Thursday night was my last graduate school class ever. All that is left is a paper that will be submitted by email so it was also, bewilderingly, my last time setting foot in the school as a student. I spent so much time thinking about and working toward applying to this program, and then nearly went off more than one mental cliff trying to complete the degree, and now...I'm about to just be done. Just like that.
It was, without a doubt, the single hardest thing I have ever done. For those who don't know me, I have a pretty demanding job that requires nights, weekends, and travel. Concurrently, I've been working toward an MBA in a program that, um, doesn't really give you much leeway with regard to the balancing act that comes with the working-full-time-while-doing-a-masters lifestyle.
This bread reminds me of that trip, and of the insane balancing act and sacrifices of the last few years. It is reminiscent of Irish Soda Bread, only less sweet, and Bryan said that it is the same dense, hearty, soda-y bread that he had in many Irish pubs, served alongside soups and stews.
I would have really liked to try the real thing. But Ireland will still be there, and maybe someday I will make it there. For the record, we do have a pretty amazing trip planned in September to celebrate the completion of the program (Bryan deserves it just as much, if not more, than I do. I could not have done this without him). And until I make it to Ireland for their dense bread, at least I can have this similar hearty, chewy, and tangy skillet bread.
This is the fastest, easiest bread I think I've ever made. Although I enjoy spending time on some recipes, especially those that I make for others, this is not one of them. This recipe is a one-bowl, no knead, and certainly no-rise quick bread that cooks in a skillet (or baking pan or cookie sheet). You can make it in less than an hour, which is quite handy when you have work and homework to complete - or really any other obligations vying for your time. And most importantly, it tastes fantastic, especially when you eat it with a thick stew while pretending to be in some pub overlooking the Cliffs of Moher. Give it a try!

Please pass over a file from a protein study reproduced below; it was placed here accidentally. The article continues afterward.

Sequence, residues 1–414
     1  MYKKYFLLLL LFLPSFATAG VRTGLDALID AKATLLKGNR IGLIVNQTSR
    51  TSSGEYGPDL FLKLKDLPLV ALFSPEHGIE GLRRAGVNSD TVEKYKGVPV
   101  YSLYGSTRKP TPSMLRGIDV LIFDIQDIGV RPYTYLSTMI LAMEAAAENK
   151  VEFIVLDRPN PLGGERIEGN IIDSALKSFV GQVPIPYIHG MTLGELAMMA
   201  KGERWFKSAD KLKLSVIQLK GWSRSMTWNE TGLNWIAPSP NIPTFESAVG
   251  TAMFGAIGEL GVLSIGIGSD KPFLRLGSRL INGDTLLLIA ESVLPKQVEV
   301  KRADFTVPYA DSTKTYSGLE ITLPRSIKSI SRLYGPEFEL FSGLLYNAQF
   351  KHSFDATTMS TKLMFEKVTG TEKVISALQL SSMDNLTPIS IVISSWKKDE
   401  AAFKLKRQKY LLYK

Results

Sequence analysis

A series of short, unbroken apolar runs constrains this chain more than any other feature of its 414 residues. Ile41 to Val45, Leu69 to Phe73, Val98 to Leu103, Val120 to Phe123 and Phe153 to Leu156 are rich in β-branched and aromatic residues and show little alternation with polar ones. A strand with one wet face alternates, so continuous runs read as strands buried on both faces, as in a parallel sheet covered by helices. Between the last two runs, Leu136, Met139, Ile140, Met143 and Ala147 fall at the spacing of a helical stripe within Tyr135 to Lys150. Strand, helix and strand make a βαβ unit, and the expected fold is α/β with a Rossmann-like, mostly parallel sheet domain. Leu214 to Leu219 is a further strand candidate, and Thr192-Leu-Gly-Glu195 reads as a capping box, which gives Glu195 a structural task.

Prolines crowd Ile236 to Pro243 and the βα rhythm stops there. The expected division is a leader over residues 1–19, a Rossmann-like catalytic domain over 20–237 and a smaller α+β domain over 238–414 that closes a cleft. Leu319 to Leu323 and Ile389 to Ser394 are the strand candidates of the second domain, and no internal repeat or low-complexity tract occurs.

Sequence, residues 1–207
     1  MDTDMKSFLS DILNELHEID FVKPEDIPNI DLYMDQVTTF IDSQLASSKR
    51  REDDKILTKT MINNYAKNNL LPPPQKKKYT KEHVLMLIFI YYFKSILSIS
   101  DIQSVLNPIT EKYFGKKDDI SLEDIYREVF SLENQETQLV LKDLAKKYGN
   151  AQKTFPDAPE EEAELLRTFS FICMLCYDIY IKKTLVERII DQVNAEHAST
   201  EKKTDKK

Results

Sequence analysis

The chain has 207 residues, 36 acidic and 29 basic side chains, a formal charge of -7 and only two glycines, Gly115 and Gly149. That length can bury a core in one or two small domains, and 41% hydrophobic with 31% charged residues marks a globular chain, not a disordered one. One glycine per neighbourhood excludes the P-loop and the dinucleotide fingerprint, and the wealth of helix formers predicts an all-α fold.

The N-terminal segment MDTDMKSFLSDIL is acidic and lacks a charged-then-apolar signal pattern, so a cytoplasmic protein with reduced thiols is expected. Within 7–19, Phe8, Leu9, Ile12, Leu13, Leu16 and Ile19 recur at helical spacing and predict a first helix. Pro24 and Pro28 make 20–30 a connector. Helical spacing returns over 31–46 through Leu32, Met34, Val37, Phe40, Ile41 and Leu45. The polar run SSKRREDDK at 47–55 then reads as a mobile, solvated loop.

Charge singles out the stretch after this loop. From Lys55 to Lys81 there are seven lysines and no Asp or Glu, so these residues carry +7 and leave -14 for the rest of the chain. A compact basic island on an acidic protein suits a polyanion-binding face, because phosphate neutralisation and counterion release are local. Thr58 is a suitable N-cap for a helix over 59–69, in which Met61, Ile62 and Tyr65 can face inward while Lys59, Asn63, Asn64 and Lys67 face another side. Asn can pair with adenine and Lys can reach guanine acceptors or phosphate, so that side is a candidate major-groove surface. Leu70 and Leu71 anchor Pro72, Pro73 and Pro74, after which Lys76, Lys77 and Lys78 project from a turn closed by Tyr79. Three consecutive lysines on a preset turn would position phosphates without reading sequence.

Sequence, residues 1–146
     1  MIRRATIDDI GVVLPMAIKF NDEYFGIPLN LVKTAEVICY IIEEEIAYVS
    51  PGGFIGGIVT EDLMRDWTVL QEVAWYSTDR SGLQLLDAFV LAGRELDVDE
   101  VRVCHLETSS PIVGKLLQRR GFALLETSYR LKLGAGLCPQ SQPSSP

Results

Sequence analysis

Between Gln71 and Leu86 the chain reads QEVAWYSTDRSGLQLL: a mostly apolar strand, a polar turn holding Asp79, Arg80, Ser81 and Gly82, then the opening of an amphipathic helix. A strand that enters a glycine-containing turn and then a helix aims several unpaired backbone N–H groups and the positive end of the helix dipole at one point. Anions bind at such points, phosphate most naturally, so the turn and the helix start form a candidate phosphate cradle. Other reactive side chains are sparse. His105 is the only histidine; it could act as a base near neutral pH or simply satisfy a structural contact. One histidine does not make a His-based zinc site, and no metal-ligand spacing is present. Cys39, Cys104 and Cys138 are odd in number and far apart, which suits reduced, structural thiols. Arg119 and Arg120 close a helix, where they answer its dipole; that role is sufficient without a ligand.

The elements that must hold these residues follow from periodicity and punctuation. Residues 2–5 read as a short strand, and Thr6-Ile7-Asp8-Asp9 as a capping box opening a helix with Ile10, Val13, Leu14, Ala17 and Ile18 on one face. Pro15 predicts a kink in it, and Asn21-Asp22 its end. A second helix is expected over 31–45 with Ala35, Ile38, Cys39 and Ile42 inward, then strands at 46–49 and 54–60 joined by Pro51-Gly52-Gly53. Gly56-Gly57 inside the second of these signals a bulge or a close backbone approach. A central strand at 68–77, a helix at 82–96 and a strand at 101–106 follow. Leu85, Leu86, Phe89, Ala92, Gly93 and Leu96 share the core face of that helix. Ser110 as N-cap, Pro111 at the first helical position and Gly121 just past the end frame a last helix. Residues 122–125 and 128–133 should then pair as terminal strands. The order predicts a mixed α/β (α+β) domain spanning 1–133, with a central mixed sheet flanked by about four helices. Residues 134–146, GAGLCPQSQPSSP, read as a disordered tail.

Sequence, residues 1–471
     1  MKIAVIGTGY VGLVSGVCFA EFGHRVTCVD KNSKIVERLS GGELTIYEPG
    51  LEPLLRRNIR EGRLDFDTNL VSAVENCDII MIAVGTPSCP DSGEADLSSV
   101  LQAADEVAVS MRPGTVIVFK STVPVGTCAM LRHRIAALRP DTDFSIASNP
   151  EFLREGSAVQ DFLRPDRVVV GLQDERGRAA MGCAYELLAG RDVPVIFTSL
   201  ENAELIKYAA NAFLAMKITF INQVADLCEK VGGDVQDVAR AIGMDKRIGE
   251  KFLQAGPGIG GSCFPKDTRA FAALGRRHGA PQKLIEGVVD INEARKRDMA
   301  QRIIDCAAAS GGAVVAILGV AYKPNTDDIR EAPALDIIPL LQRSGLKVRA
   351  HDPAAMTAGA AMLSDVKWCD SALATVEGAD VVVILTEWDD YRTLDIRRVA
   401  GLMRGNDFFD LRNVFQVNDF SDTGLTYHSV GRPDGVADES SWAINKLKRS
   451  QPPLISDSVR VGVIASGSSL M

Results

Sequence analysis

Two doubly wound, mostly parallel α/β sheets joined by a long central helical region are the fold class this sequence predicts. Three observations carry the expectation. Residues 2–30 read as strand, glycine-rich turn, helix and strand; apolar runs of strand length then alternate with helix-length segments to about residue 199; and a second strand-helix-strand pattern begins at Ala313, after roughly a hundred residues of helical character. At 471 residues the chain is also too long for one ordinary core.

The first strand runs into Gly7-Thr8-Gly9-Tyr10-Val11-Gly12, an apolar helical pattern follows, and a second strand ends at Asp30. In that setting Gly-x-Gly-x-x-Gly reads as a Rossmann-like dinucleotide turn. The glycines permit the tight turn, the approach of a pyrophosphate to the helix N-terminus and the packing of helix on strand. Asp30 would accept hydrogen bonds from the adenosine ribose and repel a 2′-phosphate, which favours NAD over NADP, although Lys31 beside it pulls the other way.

Quick and Easy Skillet Bread
From Buttercream Fanatic (2013)
1 Tablespoon cornmeal (optional, but recommended to prevent sticking)
2 cups bread flour*
2 teaspoons baking soda
Pinch of salt, to taste
3 teaspoons granulated sugar
1 1/4 cups buttermilk**
*Note #1: All-purpose flour is ok if you don't have bread flour, but it will produce a less chewy consistency
** Note #2: If you don't have buttermilk on hand, pour 1 Tablespoon lemon juice into 1 cup + 3 Tablespoons regular milk, stir briefly, and let sit for 3-5 minutes until curdled slightly.
Preheat the oven to 425F. Lightly coat the bottom and sides of an oven-safe skilled (cast-iron is recommended) with nonstick spray. If you are using cornmeal, use it to dust the bottom of the evenly. Set the pan aside.
Mix dry ingredients together in a large bowl, ensuring that you break up any globs of flour. Slowly add buttermilk, whisking simultaneously, until just combined. The dough will be clumpy and sticky, which is fine. Gather it into a ball in the center of the bowl and turn it into the prepared pan.
Bake at 425 for 15 minutes before reducing the heat to 350 for another 10-12 minutes, until a knife or toothpick inserted into the center comes out clean. Immediately remove from the pan when finished and cool completely on a wire rack for 15 minutes before slicing.
Makes one loaf. Store in an airtight container or ziptop bag at room temperature for up to 5 days, or freeze for up to three months.
Biscuit option: prepare the dough the same way, but divide into thirds and shape each into a ball. Place in prepared skillet or cookie sheet about two inches apart and bake for 15 minutes at 425F.
If you like savory breads, you might also like my No-Knead Beer Bread.